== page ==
“The Last Girl” by Joe Hart: It’s Not What You Expect

The Last Girl Joe Hart

I practically devoured The Last Girl by Joe Hart, though it left me with a bit of an off taste in my mouth – almost as if there was so much to like about it, but a couple minor ingredients didn’t quite mix in the way they were supposed to.

WARNING: Minor plot spoilers for The Last Girl follow, but no major events or twists are revealed.

The Last Girl is essentially billed as “Thriller & Suspense”, but honestly it fits far more categories than that. This was a nice change for someone who loves reading a lot of different types of novels but rarely finds one that can mix several fiction classifications without turning into a giant sludgy mess.

To be honest, at first I allowed myself to get lost in the story (mostly just waiting for *something* to happen) just enough to not really think about the ramifications of what was going on. But by the time I finished reading, I was full of more questions than answers, and not exactly the “good” questions that the first book of a trilogy should leave you with. But before I delve into that, I want to say that my biggest point of contention with The Last Girl is that it should have come with several trigger warnings – mainly for not one but several graphically depicted rape attempts, as well as two more specific warnings regarding a character with a mental disability that I honestly can’t even get into without spoiling the novel.

Listen, it sounds like I’m hating on The Last Girl quite a bit, here. I will admit that I think it has some major story development issues – for instance, the fact that they’re blaming it on the women who can’t have female babies despite the fact that it’s the man who provides the Y chromosome that makes a child male. {spoiler alert} There’s a very brief mention at the end that babies actually start out female but change around the one-month mark, and in my opinion, that should have been mentioned sooner. {/spoiler alert} I felt like the author was trying to keep this fact a mystery but in doing so was just making me question whether the “National Obstetric Association” even understood basic biology.

All that said, I couldn’t put the book down. The main character, Zoey, was a bit YA-antagonist-perfect for a book that doesn’t brand itself as YA, but I truly enjoyed experiencing her story. I’m still not quite sure why it was told in present tense – a tactic that, especially in fiction, is usually eyed from afar but avoided at most costs – yet somehow the tense rarely took me out of the story. This is a problem I had with another novel that I recently read, so it was a pleasant surprise.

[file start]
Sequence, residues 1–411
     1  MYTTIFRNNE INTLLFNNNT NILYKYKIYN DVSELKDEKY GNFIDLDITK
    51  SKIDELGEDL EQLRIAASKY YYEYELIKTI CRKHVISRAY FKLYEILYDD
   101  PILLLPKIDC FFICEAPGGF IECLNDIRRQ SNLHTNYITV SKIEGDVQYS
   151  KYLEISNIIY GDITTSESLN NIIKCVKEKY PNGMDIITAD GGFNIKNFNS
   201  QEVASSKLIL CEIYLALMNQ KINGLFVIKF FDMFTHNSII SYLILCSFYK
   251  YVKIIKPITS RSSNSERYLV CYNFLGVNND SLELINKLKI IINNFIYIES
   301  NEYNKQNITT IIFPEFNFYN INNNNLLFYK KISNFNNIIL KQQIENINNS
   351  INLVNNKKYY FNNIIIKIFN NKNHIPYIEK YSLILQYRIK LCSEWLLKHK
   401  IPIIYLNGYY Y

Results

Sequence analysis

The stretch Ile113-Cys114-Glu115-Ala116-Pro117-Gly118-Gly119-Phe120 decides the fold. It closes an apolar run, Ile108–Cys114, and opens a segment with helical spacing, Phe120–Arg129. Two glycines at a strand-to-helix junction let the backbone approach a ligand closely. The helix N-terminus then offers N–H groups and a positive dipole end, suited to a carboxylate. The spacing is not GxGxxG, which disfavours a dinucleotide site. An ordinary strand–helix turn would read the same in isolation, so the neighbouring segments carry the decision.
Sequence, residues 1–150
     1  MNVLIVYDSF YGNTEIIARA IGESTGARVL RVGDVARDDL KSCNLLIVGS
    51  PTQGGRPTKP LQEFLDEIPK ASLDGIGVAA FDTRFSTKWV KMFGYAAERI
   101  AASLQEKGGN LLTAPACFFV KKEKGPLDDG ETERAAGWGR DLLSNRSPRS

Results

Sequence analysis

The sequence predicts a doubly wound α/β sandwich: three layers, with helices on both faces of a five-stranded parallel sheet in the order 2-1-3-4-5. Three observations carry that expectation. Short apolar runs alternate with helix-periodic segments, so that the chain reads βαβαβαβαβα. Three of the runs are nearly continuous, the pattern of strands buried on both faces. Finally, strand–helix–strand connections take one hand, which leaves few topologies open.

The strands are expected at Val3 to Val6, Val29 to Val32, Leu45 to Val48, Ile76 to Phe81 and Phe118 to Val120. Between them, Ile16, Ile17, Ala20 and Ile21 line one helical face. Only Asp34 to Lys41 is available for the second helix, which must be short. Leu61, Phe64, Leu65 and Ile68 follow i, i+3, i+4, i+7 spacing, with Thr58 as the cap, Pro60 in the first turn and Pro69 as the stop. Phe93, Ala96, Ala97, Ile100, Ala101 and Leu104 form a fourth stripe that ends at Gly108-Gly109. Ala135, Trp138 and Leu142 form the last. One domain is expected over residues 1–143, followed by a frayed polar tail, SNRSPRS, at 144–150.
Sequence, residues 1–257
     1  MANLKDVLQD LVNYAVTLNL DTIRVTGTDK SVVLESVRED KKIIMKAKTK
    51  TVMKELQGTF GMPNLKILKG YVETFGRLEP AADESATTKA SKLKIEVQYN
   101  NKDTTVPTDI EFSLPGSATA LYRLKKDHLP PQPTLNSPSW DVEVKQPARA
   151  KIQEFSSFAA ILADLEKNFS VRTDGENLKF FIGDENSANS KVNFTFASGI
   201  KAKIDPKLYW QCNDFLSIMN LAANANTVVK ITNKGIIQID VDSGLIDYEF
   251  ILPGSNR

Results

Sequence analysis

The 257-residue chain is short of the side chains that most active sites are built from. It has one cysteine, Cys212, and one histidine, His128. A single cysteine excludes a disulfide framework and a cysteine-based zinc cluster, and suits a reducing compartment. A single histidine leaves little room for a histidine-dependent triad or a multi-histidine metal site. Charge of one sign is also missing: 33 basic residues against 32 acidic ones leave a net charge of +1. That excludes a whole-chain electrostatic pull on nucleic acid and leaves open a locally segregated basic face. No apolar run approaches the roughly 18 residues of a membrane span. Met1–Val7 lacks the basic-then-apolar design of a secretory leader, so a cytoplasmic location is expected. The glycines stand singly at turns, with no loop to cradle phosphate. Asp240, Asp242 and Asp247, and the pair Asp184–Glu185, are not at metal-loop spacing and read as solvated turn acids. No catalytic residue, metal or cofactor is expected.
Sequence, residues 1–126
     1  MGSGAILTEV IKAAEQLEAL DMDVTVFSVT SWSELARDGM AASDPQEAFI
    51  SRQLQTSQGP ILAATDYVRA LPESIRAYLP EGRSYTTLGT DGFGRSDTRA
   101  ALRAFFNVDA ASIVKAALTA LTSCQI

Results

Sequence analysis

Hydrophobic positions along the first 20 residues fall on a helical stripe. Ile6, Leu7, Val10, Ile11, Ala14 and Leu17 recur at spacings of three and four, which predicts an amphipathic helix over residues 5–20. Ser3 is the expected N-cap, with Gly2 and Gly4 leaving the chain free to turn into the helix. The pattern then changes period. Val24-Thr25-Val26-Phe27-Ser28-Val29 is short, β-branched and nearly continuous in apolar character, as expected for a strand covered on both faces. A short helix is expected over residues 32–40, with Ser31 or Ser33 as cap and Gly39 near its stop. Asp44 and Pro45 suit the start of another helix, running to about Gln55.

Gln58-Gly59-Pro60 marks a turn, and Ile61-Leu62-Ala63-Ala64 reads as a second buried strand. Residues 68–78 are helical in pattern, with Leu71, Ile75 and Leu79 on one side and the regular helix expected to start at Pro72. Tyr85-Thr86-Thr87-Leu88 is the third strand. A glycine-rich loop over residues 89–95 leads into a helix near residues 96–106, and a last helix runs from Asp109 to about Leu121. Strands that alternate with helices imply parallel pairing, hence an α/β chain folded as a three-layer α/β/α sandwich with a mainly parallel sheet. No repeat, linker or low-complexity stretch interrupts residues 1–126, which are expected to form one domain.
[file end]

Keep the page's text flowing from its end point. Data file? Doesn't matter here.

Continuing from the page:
Another pleasant surprise was the fact that The Last Girl was somehow both predictable and shocking. Yes, Zoey’s near-perfection at most things was a bit grating at times, and I definitely could have done without the rape scenes and one (if not two) of the character deaths, but again, it’s hard to say more without spoiling too much – and that, I don’t want to do, because the author does throw in a few twists that are well worth pushing through the questionable parts of the story.

The Last Girl is a little bit sci-fi, a little bit dystopian, and even a little bit horror. If you enjoy at least two of the above, and if you have a fairly strong constitution and can also handle nearly 400 pages written in present tense, I do suggest giving it a read. As for me, I’ll definitely be keeping an eye out for book two of the Dominion trilogy.

This is an honest review given in exchange for a free copy of The Last Girl thanks to Wunderkind PR.

Author: Tara Lynne

Tara Lynne is a fandom and geek culture expert, public speaker, and character cosplayer who is best known for her Cersei Lannister (Game of Thrones), Starbuck (Battlestar Galactica), and Andrea (The Walking Dead) cosplays. She founded Ice & Fire Con, the first ever Game of Thrones convention in the US, and now runs its parent company Saga Event Planning.



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